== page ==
“Selling Our Souls for Dross”

Sobaka’s Notebook

by Cali Ruchala

It began ordinarily enough for what’s being billed a merchant’s revolt: a dispute about taxes, about trade, about “contraband.” Only, in Uzbekistan, “contraband” is broadly defined as any product which might sustain a citizen’s life, when the citizen is not related to Uzbek dictator Islam Karimov.

Over the last three years, since I was last in the country, the Uzbek authorities have been receding back to their Bolshevik roots. Ordinary trade – the buying or selling or trading of milk, or clothing, or foodstuffs on a person-to-person basis – has been all but outlawed, with just enough negligence to ensure that their millions of rather wretched citizens somehow find a way to get by. Bazaars were closed in November 2002 to weed out “corruption.” It did no such thing but it ensured that these potential dens of espionage and anti-Karimov activity were suitably smaller and easier to monitor when they were re-opened.

Payments once made in cash are now forced through the state-controlled banking sector. Since the government oversees the flow of money, it often arbitrarily obstructs or delays ordinary transactions as a crude way to fight inflation. It’s not helping. Since August, anecdotal evidence has it (since the official predictions always promise sunshine), prices have gone up by as much as 25% across the board.

In Kokand, they finally had enough. If it had happened in 1984 rather than 2004, the US embassy in Moscow might have released a circular sternly drawing attention to the misery of the Uzbek people under Communism. But since Uzbeks now blanch under our kind of totalitarianism, hardly a word was uttered by our sentinels of freedom and other Yale graduates about the November 1st riots which began in the troublesome Ferghana Valley and soon spread in a wave of looting and hurled stones across the country.

Those stones, to a romantic, might be said to be the first blows that will knock the arrogantly evil Islam Karimov r?gime off its pedestal. Thanks to the almost insane policies of the Americans for the last decade, however, what replaces it will almost certainly be as awful.

Throughout the 1990s, the Americans had very little to do with Uzbekistan. Central Asia was, as the policy wonks and professional freedomologists told us, “in transition”. This was a good enough alibi to shell a parliament with tanks, as Boris Yeltsin did. And so it provided enough political cover for Islam Karimov to outlaw the peaceful opposition and drag his dissidents through the jails or across the borders of the country. The “old opposition,” as they’re even now being called today, is mostly based in Europe now, as none of the countries bordering Uzbekistan feel quite secure enough to harbour their neighbour’s enemies.

Since then, we’ve seen a never-ending comedy of fixed elections, referenda extending the president’s term, and other initiatives invariably supported by an overwhelming majority. The government of Uzbekistan controls the four legal opposition parties, and the head of the Central Election Commission feels smug enough to state that “there is no opposition in Uzbekistan,” and that “the elections will be democratic, irrespective of the opposition’s participation.” The essential contradiction between his two statements notwithstanding, these can be taken as essential truths in Uzbekistan. For like George Orwell’s Oceania, when the government of Uzbekistan says things are true, it makes them true.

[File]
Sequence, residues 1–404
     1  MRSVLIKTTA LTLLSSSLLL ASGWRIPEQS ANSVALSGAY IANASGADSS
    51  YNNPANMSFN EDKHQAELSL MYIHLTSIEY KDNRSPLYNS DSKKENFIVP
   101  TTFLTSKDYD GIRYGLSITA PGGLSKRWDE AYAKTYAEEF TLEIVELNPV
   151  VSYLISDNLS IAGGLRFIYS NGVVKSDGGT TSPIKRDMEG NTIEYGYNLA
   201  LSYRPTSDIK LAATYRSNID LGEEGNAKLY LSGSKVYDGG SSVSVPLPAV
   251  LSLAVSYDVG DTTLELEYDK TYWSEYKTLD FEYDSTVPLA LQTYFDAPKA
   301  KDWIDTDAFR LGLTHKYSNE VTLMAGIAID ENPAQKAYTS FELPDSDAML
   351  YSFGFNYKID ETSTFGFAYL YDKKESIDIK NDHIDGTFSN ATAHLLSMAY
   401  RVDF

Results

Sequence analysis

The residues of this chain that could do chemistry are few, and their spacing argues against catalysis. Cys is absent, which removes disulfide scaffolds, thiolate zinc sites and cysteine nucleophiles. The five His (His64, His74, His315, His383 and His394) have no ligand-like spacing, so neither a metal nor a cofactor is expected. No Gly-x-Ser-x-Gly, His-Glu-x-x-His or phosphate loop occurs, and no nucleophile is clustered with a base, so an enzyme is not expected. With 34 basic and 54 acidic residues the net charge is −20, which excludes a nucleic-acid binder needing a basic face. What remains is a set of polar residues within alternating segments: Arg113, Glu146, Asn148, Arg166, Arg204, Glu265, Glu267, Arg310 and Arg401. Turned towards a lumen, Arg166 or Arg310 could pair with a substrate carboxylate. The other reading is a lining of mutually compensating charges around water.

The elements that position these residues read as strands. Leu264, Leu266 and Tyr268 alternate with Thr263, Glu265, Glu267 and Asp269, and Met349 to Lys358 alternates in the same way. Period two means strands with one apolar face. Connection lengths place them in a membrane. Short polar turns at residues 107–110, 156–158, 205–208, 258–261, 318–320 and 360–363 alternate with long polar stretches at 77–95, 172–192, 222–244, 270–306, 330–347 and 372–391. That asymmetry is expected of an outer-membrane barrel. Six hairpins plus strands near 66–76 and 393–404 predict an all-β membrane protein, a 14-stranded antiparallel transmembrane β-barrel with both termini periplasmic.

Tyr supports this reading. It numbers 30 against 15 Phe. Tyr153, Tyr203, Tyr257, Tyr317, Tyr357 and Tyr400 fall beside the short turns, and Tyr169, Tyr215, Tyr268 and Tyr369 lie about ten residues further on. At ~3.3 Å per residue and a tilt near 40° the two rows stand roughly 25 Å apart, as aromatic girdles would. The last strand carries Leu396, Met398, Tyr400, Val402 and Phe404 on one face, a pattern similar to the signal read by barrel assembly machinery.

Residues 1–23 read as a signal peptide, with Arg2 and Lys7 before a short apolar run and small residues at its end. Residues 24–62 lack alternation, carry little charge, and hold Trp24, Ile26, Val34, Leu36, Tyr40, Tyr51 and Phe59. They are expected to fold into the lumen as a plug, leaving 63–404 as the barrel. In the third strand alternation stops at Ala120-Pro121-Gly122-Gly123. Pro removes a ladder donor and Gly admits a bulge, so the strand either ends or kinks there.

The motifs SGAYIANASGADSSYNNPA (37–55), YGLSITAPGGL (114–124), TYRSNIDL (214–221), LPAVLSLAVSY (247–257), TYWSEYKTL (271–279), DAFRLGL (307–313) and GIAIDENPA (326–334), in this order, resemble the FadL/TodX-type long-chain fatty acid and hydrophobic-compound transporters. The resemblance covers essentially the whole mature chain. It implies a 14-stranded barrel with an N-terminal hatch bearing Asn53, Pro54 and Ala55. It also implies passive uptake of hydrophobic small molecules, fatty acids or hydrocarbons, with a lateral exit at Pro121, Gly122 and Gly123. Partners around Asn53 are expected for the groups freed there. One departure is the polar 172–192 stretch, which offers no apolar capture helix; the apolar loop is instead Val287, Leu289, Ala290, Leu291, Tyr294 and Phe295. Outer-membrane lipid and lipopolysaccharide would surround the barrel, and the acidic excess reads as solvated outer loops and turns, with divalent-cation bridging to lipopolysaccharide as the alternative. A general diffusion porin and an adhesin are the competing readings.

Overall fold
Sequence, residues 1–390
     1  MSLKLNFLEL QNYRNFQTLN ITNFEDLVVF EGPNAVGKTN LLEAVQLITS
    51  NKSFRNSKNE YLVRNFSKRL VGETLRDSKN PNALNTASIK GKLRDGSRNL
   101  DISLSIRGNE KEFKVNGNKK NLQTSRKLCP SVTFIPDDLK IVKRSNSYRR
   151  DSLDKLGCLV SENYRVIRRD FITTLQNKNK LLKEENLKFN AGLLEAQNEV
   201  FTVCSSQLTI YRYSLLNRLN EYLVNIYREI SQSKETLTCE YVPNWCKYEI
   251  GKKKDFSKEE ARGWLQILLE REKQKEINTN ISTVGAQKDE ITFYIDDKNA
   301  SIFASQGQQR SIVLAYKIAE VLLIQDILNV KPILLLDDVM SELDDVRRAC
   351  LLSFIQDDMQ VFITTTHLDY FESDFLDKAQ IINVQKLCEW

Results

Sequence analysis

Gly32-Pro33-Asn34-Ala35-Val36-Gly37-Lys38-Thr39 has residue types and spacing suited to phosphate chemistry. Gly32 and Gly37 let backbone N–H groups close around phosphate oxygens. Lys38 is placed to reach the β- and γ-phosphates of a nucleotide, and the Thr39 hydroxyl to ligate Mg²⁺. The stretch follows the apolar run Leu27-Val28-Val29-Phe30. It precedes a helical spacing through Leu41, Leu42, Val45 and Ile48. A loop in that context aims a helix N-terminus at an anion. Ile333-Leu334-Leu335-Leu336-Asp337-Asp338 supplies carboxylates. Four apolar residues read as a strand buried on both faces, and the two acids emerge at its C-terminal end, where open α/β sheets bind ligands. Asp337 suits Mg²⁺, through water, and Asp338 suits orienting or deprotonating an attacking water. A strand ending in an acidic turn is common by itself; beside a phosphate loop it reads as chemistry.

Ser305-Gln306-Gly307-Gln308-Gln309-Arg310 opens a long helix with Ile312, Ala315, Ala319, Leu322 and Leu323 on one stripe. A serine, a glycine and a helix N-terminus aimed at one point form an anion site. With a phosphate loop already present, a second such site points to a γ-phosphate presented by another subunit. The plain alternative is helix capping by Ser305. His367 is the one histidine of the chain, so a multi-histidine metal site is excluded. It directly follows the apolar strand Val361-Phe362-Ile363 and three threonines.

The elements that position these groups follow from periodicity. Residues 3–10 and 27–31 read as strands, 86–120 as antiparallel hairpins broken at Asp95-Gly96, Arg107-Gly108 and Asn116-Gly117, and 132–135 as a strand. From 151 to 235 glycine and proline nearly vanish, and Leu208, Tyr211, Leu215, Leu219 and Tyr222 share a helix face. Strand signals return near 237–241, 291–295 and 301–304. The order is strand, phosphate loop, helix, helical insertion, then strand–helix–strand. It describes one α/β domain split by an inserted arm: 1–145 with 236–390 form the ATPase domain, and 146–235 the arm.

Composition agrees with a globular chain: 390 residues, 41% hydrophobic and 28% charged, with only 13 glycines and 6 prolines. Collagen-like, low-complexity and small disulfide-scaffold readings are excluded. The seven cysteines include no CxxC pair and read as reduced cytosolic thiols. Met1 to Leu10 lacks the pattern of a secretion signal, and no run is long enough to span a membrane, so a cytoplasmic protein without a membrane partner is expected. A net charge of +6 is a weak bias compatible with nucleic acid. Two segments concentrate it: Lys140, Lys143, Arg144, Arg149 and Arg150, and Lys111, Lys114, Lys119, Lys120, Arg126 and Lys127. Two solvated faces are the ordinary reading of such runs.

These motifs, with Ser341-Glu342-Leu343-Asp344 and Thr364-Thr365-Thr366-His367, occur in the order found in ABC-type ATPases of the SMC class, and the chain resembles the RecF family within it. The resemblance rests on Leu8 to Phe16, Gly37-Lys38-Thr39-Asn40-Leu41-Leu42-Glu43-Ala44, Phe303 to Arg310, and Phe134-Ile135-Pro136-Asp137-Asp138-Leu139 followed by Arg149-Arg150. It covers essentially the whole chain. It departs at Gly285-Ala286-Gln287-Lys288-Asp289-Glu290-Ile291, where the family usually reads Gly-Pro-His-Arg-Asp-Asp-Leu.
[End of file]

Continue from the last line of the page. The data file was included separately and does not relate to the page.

The methods by which lies are made true in this proud ally in the War on Terror, this essential cog in the Machine of the Willing, might seem gratuitous, but a lurid description is necessary.

The body of one dissident, Muzafar Avazov, was photographed after he had died in government custody at Jaslyk prison. The Department of Pathology at the University of Glasgow, studying photographs of his body, determined that he had been boiled to death. He had been immersed in a vat of some kind of boiling liquid, and not merely scalded. The pattern of his burns revealed a tidemark scalded onto his body, with heinous burns below.

One could go on, but reputable organizations have entire folios filled with accounts such as this (check out the one about Fatima Mukadirova – Avazov’s mother – who was imprisoned after her son’s story became public). Karimov has declared war against his own impoverished people. That’s bad enough in and of itself, but it’s shocking that the United States is reaping the “benefits” of this closeted murder of an entire nation.

Article IV of the UN Convention Against Torture obliges all signatories to pursue criminal charges against torturers. Uzbekistan is certainly in violation of this, since torture is undeniably a state strategy to keep Karimov and his clan on top. The question is, how much of this information garnered by torture is being passed on to the West, and how seriously are we taking it?

According to rogue British Ambassador Craig Murray, who has been repeatedly lambasted by the Karimov regime for his frank assessments, the information is “useless.” Nevertheless, according to a memo of his which was leaked to the press (in the West: there’s of course no free press in Uzbekistan to speak of), “Tortured dupes are forced to sign confessions showing what the Uzbek government wants the US and UK to believe – that they and we are fighting the same war against terror.